A Necessary Evil?: Slavery and the Debate Over the Constitution

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By the early decades of the nineteenth century, Americans wondered, if slavery had become a necessary evil - economically essential but morally reprehensible. A Necessary Evil? is divided into seven chapters: the first establishes the background for slavery in the new nation and sets the stage for the debate while the second chapter records the arguments over slavery from the Constitutional Convention. Chapters three, four, and five turn to the New England, Middle, and Southern states respectively and present the complete record of slavery and the ratification debate in these regions. The next chapter demonstrates the peculiar institution's newly sanctioned role in the young republic and how abolitionists sought to reverse this growing consensus. Finally, the last chapter looks at slavery from the perspective of three of the most influential Americans, Washington, Jefferson, and Madison, to show the complexity and inner turmoil that surrounded slavery.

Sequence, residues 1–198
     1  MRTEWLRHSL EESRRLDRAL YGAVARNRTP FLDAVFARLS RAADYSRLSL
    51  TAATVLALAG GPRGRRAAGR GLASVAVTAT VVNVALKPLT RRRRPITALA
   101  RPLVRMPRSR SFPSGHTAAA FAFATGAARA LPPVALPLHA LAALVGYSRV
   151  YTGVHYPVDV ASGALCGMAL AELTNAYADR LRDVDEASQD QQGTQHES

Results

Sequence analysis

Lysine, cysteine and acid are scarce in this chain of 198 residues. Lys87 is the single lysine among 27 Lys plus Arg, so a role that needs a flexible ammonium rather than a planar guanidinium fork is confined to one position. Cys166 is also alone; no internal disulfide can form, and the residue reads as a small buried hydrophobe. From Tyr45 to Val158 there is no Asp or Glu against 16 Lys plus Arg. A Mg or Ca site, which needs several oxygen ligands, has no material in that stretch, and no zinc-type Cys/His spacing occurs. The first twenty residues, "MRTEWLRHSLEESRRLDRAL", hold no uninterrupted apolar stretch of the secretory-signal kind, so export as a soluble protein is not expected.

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Laying Slaverys Foundations
The Constitutional Convention and Slavery
New England Debates Slavery and the Constitution
The Middle States Debate Slavery and the Constitution
The South Debates Slavery and the Constitution
Slavery and the New Nation
Slavery and the Founders Three Perspectives
Selected Bibliography

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About the author (1995)

John P. Kaminski is the director of The Center for the Study of the American Constitution at the Unversity of Wisconsin-Madison. He has written and spoken widely on the Constitution. He is a former president of The Association for Documentary Editing.